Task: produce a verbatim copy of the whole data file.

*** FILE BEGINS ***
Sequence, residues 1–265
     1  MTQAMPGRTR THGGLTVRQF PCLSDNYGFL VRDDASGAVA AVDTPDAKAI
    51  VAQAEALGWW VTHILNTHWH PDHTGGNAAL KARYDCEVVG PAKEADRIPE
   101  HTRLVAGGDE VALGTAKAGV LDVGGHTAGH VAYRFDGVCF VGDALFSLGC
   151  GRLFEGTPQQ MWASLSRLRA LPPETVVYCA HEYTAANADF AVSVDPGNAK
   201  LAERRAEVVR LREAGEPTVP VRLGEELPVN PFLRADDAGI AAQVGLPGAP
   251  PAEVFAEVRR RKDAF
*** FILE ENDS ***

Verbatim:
Sequence, residues 1–265
     1  MTQAMPGRTR THGGLTVRQF PCLSDNYGFL VRDDASGAVA AVDTPDAKAI
    51  VAQAEALGWW VTHILNTHWH PDHTGGNAAL KARYDCEVVG PAKEADRIPE
   101  HTRLVAGGDE VALGTAKAGV LDVGGHTAGH VAYRFDGVCF VGDALFSLGC
   151  GRLFEGTPQQ MWASLSRLRA LPPETVVYCA HEYTAANADF AVSVDPGNAK
   201  LAERRAEVVR LREAGEPTVP VRLGEELPVN PFLRADDAGI AAQVGLPGAP
   251  PAEVFAEVRR RKDAF